Virtualization is helping make Google Chrome OS a potential alternative for enterprises that have traditionally been Windows shops.
Earlier this year, Google scored a major customer win in Australia when Woolworths announced that Chrome OS devices will account for 85 per cent of its business devices by the end of a technology transformation at the supermarket.
At the time, Woolworths said it could not make the transition without virtualization. The company performed analysis of what apps they needed and worked with Citrix to be sure they were compatible with Chromebooks.
“Embracing a Chrome device strategy in an enterprise setting has been made possible with recent advances in Citrix with its Web-based delivery technology, enabling Woolworths to make the transition from legacy thick client application access to cloud like browser based delivery,” said then-acting CIO of Woolworths, Damon Rees.
In addition to Citrix, VMware has also announced virtual desktop support for Chrome OS devices.
Virtualization can be a useful tool for enterprises who want to deploy Chrome OS devices without giving up Windows software, said Telsyte analyst Rodney Gedda. But he warned that results can be mixed depending on the applications needed by the organisation.
“Like the early days of the iPad, enterprises resort to virtualization software to use more traditional Windows-based applications on non-Windows endpoints,” Gedda told Computerworld Australia.
“For many applications, that works well. For others it doesn’t work as well. Anything to do with virtualization is going to be some sort of compromise from the native system. It really depends on how well the applications play in a virtual environment.”
Virtualization can be used as a transitional tool as the enterprise brings in more Web-based apps through software updates or replacements, said Gedda. The trend toward mobility and a post-PC world has driven more software developers to build Web-based versions of their apps, he noted.
But virtualization can also be a permanent part of the enterprise since it brings benefits including security and easy deployment across multiple kinds of devices, he said.
Virtualization has played a role in Google winning enterprise customers, Google Enterprise managing director for Australia, Kevin Ackhurst, said in a recent interview.
“Some people have this idea that there’s a reduced level of functionality with it, and yes there are some things that you can’t do on a Chromebook that you can do on a PC or a Mac,” said Ackhurst. “But for 90 per cent of the stuff that you need, you can typically do that.”
For the remaining 10 per cent, Google has worked with Citrix and VMware to develop products providing Chrome users remote access to conventional desktop environments, he said.
“You don’t have to think about just replacing existing applications, but you can have the investment that you’ve made in terms of SAP, Oracle, Microsoft Office … and still access all of those things using your Chromebook.”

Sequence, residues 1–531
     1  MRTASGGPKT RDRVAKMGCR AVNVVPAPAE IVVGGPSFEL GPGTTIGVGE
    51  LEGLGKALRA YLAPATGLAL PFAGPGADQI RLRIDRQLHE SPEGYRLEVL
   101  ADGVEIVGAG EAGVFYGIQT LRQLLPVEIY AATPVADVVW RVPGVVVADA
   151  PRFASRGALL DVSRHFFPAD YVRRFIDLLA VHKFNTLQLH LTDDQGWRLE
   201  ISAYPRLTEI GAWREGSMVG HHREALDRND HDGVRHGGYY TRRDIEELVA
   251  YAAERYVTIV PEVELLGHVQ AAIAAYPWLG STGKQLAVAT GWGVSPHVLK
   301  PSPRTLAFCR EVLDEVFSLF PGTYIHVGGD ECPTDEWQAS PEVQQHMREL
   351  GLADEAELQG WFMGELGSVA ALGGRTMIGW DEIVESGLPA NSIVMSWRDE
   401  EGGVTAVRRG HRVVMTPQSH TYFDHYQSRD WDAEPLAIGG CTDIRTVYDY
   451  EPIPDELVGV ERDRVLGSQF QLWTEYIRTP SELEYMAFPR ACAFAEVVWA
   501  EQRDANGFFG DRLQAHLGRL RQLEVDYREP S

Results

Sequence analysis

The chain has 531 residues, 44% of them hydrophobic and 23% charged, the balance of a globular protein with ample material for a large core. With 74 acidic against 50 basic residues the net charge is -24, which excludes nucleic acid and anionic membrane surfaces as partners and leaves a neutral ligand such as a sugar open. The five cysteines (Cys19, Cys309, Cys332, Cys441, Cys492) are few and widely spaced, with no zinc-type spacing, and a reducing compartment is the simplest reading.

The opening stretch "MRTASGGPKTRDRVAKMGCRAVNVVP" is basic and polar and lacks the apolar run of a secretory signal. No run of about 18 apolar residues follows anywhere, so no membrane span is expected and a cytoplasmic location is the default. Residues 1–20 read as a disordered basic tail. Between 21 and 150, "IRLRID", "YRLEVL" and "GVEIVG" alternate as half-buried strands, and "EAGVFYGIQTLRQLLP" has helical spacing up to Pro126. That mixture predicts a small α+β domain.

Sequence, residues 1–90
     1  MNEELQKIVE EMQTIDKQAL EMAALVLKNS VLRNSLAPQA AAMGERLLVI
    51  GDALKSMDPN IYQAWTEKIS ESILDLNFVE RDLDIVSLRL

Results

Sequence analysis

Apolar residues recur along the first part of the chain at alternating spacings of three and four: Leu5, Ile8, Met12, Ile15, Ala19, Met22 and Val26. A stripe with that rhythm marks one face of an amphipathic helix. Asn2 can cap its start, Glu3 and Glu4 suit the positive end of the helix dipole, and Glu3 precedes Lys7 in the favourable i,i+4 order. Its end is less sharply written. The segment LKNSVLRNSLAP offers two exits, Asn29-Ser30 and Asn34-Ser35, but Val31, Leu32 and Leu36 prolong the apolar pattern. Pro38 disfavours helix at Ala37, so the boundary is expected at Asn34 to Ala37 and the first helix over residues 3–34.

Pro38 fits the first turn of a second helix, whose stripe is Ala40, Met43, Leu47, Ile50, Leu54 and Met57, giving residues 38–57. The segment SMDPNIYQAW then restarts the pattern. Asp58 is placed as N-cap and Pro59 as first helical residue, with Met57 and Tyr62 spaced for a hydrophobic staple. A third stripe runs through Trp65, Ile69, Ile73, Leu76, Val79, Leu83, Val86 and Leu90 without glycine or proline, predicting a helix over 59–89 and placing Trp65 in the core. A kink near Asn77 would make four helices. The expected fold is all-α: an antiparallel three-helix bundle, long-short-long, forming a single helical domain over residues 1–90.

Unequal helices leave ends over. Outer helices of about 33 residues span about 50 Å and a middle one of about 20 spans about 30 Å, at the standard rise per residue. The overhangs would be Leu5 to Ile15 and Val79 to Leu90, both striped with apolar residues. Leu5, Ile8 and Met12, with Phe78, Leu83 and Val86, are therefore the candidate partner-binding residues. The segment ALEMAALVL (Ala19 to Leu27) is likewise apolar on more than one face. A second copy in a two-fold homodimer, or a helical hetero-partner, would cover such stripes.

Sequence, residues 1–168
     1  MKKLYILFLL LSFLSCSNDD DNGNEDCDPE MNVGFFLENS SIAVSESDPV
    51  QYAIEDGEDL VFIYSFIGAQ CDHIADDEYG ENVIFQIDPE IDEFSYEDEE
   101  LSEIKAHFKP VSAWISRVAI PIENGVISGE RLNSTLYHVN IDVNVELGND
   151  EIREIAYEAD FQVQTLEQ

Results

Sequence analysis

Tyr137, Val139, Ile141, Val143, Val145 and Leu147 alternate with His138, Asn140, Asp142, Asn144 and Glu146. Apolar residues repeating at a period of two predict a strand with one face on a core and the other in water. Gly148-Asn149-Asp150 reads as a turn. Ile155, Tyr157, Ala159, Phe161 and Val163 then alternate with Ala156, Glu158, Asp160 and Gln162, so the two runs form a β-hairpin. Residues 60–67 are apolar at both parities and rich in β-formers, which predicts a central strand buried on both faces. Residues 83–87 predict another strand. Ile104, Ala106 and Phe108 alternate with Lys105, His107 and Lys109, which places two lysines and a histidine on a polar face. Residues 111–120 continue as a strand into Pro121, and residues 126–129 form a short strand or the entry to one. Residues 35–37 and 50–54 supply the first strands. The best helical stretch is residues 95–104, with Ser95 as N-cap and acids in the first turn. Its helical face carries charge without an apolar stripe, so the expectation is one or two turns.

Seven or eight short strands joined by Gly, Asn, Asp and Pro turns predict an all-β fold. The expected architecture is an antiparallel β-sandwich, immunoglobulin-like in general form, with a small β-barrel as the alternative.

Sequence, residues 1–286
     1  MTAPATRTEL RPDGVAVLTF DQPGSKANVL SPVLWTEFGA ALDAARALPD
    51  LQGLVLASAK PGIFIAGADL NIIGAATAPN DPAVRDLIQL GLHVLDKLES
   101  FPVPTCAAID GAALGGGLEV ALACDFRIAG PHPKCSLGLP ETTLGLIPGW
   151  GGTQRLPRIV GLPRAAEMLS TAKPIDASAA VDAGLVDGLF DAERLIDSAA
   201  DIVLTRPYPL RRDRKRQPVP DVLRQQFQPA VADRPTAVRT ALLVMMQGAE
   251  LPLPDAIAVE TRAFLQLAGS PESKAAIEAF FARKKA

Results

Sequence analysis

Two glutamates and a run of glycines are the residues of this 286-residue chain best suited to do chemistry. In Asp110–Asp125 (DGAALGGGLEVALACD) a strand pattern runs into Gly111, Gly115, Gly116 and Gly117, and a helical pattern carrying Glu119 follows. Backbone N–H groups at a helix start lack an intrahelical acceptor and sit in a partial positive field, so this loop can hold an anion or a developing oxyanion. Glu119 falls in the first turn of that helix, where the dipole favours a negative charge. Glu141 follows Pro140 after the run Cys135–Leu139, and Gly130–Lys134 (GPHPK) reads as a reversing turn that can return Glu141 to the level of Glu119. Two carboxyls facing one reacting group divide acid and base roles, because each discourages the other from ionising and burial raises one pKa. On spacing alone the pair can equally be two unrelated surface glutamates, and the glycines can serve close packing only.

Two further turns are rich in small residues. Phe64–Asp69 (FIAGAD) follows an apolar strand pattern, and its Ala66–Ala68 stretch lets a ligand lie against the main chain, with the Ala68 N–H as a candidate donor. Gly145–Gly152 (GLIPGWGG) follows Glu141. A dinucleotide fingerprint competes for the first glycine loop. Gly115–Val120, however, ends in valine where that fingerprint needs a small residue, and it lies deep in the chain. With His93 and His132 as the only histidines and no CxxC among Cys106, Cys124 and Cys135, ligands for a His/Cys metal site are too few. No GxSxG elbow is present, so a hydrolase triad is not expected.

Citrix has worked with Google and OEMs to test available Chromebooks to are capable of handling virtualization, according to Todd Terbeek, Citrix senior director of business development cloud and desktop alliances. The vendor has a program called Citrix Ready and lists compatible devices on its website.
For existing Citrix customers, bringing their operating environment to the Chromebook is as simple as connecting to any other device, said Terbeek, who leads the Citrix side of the company's Chrome OS partnership with Google.
“Things have really taken off in the last year or so,” he said.
“As more of the OEMs have started creating Chromebooks and have started creating hardware that's even more focused on enterprise with Chromebooks, we've started to see a lot more interest from our customers.”
Education remains a primary market for Chromebooks, but Terbeek said other industries are taking notice. “We’re hearing a lot of people tell us they like the total cost-of-ownership around the Chromebook and that management is easy.”
Enterprise customers also like the security provided by the Chromebook, since no data needs to be stored on the device itself, he said. “The app actually is living on the server in the data centre and they're just accessing it through the receiver in the browser.”
Gedda said that while some organisations are embracing more Web-based apps, Chrome OS is still held back by the fact that many enterprises rely heavily on native Windows apps.
Having a strong will to change and embrace new technologies in the organisation is important to making any operating system change, the analyst said.
An enterprise that is still using Windows XP and has to invest in an OS upgrade anyway might be more open to trying a new platform like Chrome OS, he added.
“It’s really going to depend on the type of savings that the organisation can expect, the amount of work they’d have to do to get there and the suitability of the apps to run in a virtual environment.”